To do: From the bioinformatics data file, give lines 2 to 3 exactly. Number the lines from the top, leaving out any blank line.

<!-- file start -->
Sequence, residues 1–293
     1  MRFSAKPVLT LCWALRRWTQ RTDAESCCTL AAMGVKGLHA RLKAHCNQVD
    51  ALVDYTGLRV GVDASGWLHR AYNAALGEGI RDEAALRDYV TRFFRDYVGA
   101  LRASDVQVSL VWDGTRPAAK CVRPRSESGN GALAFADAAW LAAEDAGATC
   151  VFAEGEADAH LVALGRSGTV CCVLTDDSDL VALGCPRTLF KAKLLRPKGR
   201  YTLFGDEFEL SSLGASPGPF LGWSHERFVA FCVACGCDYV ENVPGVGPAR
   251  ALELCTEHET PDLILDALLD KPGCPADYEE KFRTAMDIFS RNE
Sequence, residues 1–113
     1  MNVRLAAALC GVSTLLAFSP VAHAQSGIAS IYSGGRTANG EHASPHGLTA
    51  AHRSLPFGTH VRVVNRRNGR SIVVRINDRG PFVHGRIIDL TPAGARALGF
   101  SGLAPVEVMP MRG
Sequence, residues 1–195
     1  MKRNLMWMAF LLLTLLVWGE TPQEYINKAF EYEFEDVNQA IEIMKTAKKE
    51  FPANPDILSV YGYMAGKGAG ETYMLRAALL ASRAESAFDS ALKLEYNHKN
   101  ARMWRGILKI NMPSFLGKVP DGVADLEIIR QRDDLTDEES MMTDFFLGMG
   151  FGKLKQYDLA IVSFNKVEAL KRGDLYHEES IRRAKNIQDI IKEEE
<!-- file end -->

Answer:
     1  MRFSAKPVLT LCWALRRWTQ RTDAESCCTL AAMGVKGLHA RLKAHCNQVD
    51  ALVDYTGLRV GVDASGWLHR AYNAALGEGI RDEAALRDYV TRFFRDYVGA